For the 2011/2012 year, the ATO supervisory levy for self-managed super funds has increased from $180 to $200. The levy hike is an 11% increase from the previous financial year, and a massive 400% increase from the ATO levy that was payable 5 years ago.
In the 2012 Federal budget, hidden in the detail of line-by-line expenses and revenue items, the federal government reports that there will be ‘increases in the SMSF levy’ to offset the cost of introducing a SMSF auditor registration process. Note that the government uses the word ‘increases’ rather than ‘an increase’ which seems to suggest that the government is going to continue slugging SMSF trustees with higher ATO levy costs long into the future.
If you’re a SMSF trustee, your ATO levy increase is going to be divvied up between the Australian Securities and Investments Commission (ASIC) and the Australian Tax Office. The Government is providing ASIC with $10.7 million, over 5 years, to develop and maintain an online registration system for auditors of SMSFs. ASIC will also develop a competency exam for SMSF auditors, and ASIC will be able to deregister non-compliant auditors. The Government is giving the ATO $10.6 million, over 5 years, to police registered auditors, check their compliance with competency standards set by ASIC and, if necessary, refer naughty auditors to ASIC for punishment.
Note: Some of the funding for the SMSF auditor registration process will also be sourced by ASIC charging auditors to sit the SMSF auditor competency exam.
Are you getting value for money on the levy increase?
The latest increase in the ATO supervisory levy for SMSFs is the third increase in 5 years. You may recall that it was just over 12 months ago, in the 2011 Federal Budget in fact, that the government announced that the ATO SMSF levy had jumped a hefty 20% (from $150 to $180), effective from the 2010/2011 year SMSF tax return. At the time, the Assistant Treasurer and Minister of Superannuation, Bill Shorten stated: “The introduction of a new administrative penalty framework, registration of fund auditors subject to competency and independence standards, improved data collection and improvements to the self managed superannuation fund registration process” [Assistant Treasurer media release, 10 May 2011]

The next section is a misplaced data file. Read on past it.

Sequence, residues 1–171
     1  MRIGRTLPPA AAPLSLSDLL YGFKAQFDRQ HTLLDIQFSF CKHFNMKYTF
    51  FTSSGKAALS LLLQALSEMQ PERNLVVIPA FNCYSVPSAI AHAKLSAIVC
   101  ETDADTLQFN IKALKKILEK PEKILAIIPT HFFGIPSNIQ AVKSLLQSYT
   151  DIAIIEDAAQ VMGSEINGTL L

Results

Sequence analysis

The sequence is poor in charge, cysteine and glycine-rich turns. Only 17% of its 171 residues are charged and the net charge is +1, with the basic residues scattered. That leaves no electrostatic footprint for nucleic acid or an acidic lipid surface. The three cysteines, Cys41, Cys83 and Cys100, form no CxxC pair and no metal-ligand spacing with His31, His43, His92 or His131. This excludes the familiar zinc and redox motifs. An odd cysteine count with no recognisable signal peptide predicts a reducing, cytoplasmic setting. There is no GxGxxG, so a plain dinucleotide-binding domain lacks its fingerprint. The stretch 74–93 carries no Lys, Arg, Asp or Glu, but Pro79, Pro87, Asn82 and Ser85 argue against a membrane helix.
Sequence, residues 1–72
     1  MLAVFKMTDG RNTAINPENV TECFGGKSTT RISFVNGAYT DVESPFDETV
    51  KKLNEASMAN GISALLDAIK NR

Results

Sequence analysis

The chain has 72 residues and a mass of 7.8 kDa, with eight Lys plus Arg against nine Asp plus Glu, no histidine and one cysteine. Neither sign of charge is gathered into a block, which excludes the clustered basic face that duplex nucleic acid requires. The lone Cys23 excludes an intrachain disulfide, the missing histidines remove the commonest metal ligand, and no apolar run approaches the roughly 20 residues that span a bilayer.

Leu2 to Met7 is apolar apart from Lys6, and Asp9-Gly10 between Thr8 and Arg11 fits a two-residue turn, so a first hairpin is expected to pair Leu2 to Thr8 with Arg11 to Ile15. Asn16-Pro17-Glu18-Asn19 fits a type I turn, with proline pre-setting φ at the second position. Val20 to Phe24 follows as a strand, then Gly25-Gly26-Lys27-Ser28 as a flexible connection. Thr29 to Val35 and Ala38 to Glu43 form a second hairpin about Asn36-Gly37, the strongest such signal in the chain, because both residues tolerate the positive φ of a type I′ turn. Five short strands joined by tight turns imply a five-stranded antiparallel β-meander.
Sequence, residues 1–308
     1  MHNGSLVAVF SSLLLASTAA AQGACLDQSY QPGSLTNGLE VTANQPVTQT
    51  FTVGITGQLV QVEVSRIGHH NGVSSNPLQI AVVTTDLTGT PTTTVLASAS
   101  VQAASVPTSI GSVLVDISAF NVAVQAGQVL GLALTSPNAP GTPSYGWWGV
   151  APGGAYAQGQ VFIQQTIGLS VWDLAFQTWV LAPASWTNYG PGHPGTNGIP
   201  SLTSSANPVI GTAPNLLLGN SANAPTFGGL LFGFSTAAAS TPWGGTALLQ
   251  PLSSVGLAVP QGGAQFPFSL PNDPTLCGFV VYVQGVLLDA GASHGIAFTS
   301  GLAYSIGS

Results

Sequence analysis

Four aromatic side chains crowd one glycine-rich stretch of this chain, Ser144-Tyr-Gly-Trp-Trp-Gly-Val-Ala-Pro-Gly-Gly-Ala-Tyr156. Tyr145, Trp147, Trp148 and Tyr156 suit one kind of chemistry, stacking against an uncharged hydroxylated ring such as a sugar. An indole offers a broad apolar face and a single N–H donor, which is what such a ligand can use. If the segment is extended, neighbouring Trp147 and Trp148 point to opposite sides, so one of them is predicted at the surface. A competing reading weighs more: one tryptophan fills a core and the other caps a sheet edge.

So, the earlier increase in the ATO levy (from $150 to $180) was to help fund the SMSF auditor registration process, and now this latest increase (from $180 to $200) is also supposed to fund the registration process.
The annual supervisory levy was trebled to $150 (from $45), effective from the 2007/2008 year, to cover just these types of “improvement” in regulation.
I assume someone within government is held accountable for the financial management of this regulatory process, and we have to trust that SMSF auditor registration process will help SMSF trustees run their super funds more effectively and within the law.
The current SMSF auditor requirements stipulate that an individual is not able to audit a SMSF unless he or she is an ‘approved auditor’, namely, that he or she is a member of a specified accounting body (or other recognised association), and as I understand it, the accounting bodies that SMSF auditors must belong to, also require ongoing professional development from its members. If I were a CEO of one of these accounting bodies, I might consider this extra layer of regulation as a potential red flag questioning the ability of accounting bodies to train, deliver and monitor the quality of its members who choose to audit SMSFs. A CEO of one of these accounting bodies may argue that the new SMSF auditor registration system is a costly duplication of what is already in place.
I support a central registry of SMSF auditors who meet specified competency standards, although I am not sure whether ASIC and the ATO, as a tag team, are going to deliver that ideal system, without a recognised monitoring role for the accounting bodies. I do hope that the two regulators can make it work and that it doesn’t become a money pit at the expense of SMSF trustees.